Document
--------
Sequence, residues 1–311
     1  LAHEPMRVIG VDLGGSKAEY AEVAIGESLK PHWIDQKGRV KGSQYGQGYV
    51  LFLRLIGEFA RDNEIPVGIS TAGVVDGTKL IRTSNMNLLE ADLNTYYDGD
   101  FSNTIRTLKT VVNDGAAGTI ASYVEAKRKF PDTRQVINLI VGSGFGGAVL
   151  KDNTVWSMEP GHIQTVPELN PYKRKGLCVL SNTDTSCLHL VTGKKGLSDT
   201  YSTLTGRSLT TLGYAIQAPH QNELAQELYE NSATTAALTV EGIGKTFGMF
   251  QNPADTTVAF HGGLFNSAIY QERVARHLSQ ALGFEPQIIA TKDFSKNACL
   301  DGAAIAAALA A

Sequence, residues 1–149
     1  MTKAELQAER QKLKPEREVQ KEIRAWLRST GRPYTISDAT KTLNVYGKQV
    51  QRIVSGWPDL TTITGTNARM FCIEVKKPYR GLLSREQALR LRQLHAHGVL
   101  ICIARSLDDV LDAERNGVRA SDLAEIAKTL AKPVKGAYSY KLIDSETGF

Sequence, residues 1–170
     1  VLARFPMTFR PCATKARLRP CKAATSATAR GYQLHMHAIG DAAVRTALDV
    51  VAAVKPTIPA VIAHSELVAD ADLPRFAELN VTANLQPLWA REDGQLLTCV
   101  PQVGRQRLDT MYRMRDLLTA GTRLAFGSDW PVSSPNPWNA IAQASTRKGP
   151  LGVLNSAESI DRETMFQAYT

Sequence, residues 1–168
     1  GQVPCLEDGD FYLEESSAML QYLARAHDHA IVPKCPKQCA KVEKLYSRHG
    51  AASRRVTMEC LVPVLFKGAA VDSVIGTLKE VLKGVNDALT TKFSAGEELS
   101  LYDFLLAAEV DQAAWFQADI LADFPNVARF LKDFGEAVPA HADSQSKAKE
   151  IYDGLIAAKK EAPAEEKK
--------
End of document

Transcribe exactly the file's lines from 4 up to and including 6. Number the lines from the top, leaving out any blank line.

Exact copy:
   101  FSNTIRTLKT VVNDGAAGTI ASYVEAKRKF PDTRQVINLI VGSGFGGAVL
   151  KDNTVWSMEP GHIQTVPELN PYKRKGLCVL SNTDTSCLHL VTGKKGLSDT
   201  YSTLTGRSLT TLGYAIQAPH QNELAQELYE NSATTAALTV EGIGKTFGMF